06/12/12 - 0 Comments
The French Take a Page from Britain’s Top Chef Rowley Leigh
In a unique event for Franco-Anglo relations, Strasbourg, France, has played host to the So British! Festival – part of the UK’s six-month chairmanship of the Council of Europe’s host city. Celebrating all things Britannia (and coinciding with the Queen’s recent Jubilee celebrations), its culinary aspect has been the one thing notorious for falling behind the French. But that’s all been changing in recent decades, thanks to innovative people like Rowley Leigh, one of Britain’s most well-known Michelin-starred chefs and authors, spearheading the departure from a ‘bland’ past.
Chef Proprietor of Le Café Anglais in London, Leigh took over 24 of Stasbourg’s restaurants in collaboration with its renowned Au Crocodile for La Semaine Gastronomique Britannique (British Gastronomy Week) in May – giving the French a proper taste of fish and chips, Lancashire hotpot, Yorkshire pudding, Eccles cake and more.
Leigh is proud of what his own French culinary roots bring to the table, honing his craft under the famous Roux brothers at London’s Le Gavroche. He then went on to open the iconic Kensington Place Restaurant in the 1990s – at the forefront of Britain’s dining revolution – before leaving to open Le Café Anglais in 2007. He’s also an accomplished food journalist and author of the well-received recipe book with a pinch of wit, No Place Like Home.
We grabbed a minute with the star chef himself to get his take on why the French are (gasp!) beginning to take a page from British cookbooks.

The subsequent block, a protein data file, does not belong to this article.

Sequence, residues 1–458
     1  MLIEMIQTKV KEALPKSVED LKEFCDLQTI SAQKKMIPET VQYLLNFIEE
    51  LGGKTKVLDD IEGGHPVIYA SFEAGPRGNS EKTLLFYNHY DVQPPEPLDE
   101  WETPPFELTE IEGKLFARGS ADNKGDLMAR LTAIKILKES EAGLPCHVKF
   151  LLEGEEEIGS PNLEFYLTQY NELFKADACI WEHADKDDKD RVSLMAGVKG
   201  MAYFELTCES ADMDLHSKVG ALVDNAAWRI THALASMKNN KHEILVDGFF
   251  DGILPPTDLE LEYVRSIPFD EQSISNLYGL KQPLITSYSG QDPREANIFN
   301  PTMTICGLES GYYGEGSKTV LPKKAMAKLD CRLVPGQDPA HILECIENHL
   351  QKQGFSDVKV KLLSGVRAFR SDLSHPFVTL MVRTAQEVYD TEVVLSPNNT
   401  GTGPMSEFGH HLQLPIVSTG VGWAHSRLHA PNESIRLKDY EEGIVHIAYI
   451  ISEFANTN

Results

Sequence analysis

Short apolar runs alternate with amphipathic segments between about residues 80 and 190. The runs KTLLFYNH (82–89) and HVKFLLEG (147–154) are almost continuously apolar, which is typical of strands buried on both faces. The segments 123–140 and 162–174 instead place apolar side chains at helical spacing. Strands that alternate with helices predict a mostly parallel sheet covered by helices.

Is there a French food philosophy that you bring to your British dishes?
French chefs taught me to refine my cooking. By that I mean refinement in the sense of ‘stripping out’ what’s not necessary. However, sometimes in France refinement can mean adding “frou-frou.” To my mind, the best of French cooking seeks to elicit the maximum flavor from the ingredients in the simplest possible way.
How do you think British cuisine has changed since your time with the Roux Brothers?
It’s evolved beyond all recognition. It has a great deal more confidence than it did then, and with that confidence comes a whole spectrum of quality – there is some very good cooking and there is some terribly self-indulgent cooking. There are more chefs with higher profiles, but fewer people cooking at home, which is a bad thing for a country’s food culture.
What has excited you the most about participating in the So British! Festival?
It was very heartening to see a much more open and positive attitude towards British gastronomy in France than in the past – the people of Strasbourg seemed genuinely interested and curious in knowing more.